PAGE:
Change isn’t always easy.
That’s the message from Algonquin Village President John Schmitt, who said Main Street construction will end this year.
Although some business owners in downtown Algonquin are happy the area is getting a face-lift, the project is taking a toll on them.
“There’s a ton of people working on the site, literally late into the night,” said Albert Kraus, owner of Gold and Jewelry Direct, 130 S. Main St.
Construction in Old Town Algonquin began almost nine months ago to transform the corridor into a “beautiful, pedestrian-friendly environment while helping to preserve the character and history of the area,” according to project information on the village’s website.
Streets affected are South Main, North Main, Washington and Harrison. The Main Street project is part of the larger $30 million downtown revitalization plan to spur development in the area.
Kraus said he’s suffered from a sharp decline in sales, but is happy the “speed of work” has picked up.
“I’m very happy with the progress, even though I was worried about it at the start,” he said. “But many people don’t want to come downtown because of the construction.”
Anthony Orlandino, owner of Anthony’s Barbershop, 150 S. Main St., said his older customers are having trouble navigating the area because it’s filled with tractors, roadblocks and detours.
“I’m almost 45 percent down since this started,” he said. “This is really hurting me. I don’t blame the contractors. I blame the village’s lack of communication with the public. They don’t put the proper signage out. ... It’s confusing.”
Schmitt said the village has done “everything that is physically and humanly possible to let residents know that our businesses are still open.”
“We have been advertising on our web page, we’ve put up a lot of signage, we’ve sent out emails to people saying that businesses are open,” he said.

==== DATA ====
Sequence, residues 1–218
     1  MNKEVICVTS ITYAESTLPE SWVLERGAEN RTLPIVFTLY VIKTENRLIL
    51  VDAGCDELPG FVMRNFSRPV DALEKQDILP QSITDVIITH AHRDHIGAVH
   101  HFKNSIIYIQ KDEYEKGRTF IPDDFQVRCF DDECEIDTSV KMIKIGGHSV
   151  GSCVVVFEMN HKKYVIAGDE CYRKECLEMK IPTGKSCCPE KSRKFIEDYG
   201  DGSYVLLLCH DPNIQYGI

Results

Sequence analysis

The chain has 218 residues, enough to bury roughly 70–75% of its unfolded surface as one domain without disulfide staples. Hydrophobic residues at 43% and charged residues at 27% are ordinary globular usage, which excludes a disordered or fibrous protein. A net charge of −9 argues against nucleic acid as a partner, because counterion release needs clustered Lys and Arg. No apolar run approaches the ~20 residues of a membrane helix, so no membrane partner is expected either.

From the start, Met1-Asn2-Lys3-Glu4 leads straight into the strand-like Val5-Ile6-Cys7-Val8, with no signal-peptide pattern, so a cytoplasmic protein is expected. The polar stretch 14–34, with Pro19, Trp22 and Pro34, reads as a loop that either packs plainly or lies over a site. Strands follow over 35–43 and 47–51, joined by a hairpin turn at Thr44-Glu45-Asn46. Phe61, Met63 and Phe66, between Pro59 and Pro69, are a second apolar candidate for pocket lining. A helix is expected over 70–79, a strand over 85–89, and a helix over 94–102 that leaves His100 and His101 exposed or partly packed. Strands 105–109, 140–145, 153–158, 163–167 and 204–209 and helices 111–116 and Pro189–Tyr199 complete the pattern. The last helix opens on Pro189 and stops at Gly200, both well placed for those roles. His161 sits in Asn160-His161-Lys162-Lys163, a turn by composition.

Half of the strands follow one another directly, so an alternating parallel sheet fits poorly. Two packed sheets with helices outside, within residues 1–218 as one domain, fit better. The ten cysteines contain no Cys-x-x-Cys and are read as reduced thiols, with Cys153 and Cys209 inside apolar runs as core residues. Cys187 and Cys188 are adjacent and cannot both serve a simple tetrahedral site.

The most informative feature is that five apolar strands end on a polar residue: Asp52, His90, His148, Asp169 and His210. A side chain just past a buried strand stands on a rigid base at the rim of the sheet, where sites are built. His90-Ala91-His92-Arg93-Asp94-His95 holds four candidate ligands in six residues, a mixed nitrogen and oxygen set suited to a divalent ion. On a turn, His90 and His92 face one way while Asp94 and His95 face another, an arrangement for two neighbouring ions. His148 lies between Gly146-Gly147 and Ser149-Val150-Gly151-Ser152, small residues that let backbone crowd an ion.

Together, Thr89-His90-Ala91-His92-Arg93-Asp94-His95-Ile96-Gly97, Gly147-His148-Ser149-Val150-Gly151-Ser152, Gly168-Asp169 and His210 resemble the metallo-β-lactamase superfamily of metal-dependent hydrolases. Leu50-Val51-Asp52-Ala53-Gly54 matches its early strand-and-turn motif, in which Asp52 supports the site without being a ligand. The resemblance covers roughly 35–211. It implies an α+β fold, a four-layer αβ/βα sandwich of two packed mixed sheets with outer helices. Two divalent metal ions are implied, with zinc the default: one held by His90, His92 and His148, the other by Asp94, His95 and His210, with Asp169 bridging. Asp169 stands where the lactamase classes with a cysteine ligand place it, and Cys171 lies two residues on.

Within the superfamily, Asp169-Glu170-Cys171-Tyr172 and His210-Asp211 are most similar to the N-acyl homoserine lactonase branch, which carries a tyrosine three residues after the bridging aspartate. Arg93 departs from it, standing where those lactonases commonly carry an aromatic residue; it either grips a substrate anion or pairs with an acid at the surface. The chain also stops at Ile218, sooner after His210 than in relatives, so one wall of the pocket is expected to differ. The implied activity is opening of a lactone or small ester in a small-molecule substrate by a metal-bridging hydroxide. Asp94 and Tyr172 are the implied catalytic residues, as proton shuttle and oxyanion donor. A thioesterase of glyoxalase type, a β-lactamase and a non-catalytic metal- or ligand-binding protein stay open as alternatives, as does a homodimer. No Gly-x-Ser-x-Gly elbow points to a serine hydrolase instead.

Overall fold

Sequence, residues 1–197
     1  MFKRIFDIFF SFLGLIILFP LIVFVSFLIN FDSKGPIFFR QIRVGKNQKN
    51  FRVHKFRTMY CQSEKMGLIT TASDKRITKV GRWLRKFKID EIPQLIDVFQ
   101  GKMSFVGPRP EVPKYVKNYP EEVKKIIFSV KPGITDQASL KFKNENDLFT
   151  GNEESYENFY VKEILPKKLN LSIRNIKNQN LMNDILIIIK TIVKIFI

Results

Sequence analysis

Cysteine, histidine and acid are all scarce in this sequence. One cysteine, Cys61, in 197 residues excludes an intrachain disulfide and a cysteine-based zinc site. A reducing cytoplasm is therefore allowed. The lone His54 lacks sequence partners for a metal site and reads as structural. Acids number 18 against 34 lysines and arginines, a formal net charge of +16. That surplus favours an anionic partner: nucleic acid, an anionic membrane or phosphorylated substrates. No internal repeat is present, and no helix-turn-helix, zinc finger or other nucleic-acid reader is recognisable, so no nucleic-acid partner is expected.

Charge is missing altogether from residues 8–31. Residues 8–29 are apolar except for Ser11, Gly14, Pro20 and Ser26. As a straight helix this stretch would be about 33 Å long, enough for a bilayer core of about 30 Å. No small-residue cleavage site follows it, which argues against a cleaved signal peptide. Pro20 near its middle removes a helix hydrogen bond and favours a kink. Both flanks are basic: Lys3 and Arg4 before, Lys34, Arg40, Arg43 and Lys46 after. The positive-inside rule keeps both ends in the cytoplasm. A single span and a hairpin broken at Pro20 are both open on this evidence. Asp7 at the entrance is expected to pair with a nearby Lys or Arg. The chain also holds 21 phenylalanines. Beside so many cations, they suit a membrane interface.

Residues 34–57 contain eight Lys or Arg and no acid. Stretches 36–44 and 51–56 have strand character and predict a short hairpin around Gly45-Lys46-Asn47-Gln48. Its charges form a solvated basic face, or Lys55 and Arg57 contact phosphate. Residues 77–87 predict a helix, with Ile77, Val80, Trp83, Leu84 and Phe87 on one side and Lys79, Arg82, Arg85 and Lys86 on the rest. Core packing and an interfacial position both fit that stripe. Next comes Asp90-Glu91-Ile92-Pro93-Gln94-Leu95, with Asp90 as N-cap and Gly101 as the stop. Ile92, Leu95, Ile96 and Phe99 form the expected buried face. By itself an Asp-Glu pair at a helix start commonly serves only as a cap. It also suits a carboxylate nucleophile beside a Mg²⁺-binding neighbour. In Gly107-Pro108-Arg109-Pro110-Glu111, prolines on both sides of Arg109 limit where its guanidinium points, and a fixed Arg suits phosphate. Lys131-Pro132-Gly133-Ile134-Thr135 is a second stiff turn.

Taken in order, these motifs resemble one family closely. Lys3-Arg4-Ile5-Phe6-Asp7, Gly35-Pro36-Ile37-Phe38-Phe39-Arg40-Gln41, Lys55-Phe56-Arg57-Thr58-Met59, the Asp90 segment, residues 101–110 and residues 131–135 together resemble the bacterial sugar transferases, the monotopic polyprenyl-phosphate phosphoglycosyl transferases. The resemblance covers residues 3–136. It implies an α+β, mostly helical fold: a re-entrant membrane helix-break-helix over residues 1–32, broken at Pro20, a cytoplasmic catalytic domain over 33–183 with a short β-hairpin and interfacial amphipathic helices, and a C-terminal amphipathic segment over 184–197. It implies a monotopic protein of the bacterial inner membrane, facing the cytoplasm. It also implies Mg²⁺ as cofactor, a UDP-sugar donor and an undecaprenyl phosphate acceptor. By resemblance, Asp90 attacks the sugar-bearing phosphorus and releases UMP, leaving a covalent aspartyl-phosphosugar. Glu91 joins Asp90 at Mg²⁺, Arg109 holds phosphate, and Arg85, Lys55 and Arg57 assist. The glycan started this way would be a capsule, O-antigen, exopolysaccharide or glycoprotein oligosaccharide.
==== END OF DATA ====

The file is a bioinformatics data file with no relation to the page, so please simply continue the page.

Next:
To the frustration of many, including Schmitt, work on a downtown bridge is being pushed back.
The bridge on Main Street was set to be replaced, but that part of the project was put on hold because utilities weren’t moved from under the bridge on time, Schmitt said. The bridge is just south of Bold Algonquin Fare restaurant, 8 S. Main St., and Creekside Tap, 7 S. Main St.
“It’s going to be closed for quite a while,” Schmitt said, adding that it’s not clear how long it will remain closed. “We’re going to be doing construction very shortly.”
Schmitt said AT&T was told in early 2016 that it needed to move its lines.
“They just didn’t do it,” he said. “They have gone to bid on the project to move the lines.”
Kraus wants the bridge reopened.
“Christmas is coming, and in the retail business that’s huge for us,” he said. “The bridge is very crucial. It’s a tremendous issue. You won’t have a flow of traffic coming through.”
Schmitt said he’s committed to making Main Street as accessible as possible during this time.
“When Main Street is finished this year, we haven’t figured out exactly how we’re going to do it, but we will have access to both sides. We will have two-way traffic, but the bridge will still be closed,” he said. “We’re going to open it up so we have full traffic capability on Main Street.”
Despite the construction, the corridor is attracting new restaurants.
“It’s truly exciting,” Schmitt said. “It definitely ratifies all of the work that we’re doing in our downtown. ... It certainly is great news for our downtown.”
In the coming weeks, chef Santiago Suarez will open the Black Bear Bistro at 107 S. Main St.
Cattleman’s Burger and Brew, 205 S. Main St., is also expected to open in the coming weeks.
“It’s going to become much more of a destination area in our town, and that’s great,” he said. “Downtown Algonquin is important to the residents of Algonquin. To have it vibrant is very exciting for everybody.”
Schmitt said there are at least a half-dozen new establishments opening in the area, but he can’t reveal them, yet.
Established businesses are expanding, including Bold American Fare and Cucina Bella, 220 S. Main St.
“The pizza place next door moved out, so we purchased the location, and it’s either going to be private room space or extra seating,” said Patrick Bigoness, general manager of Cucina Bella. “Fridays and Saturdays, the last couple weeks, we’ve been three, four deep at the bar with an hour wait. Construction hasn’t been hurting us too bad.”
Bigoness said he believes the increased sidewalk space when the project is finished “will look wonderful” and could allow the restaurant to have a patio.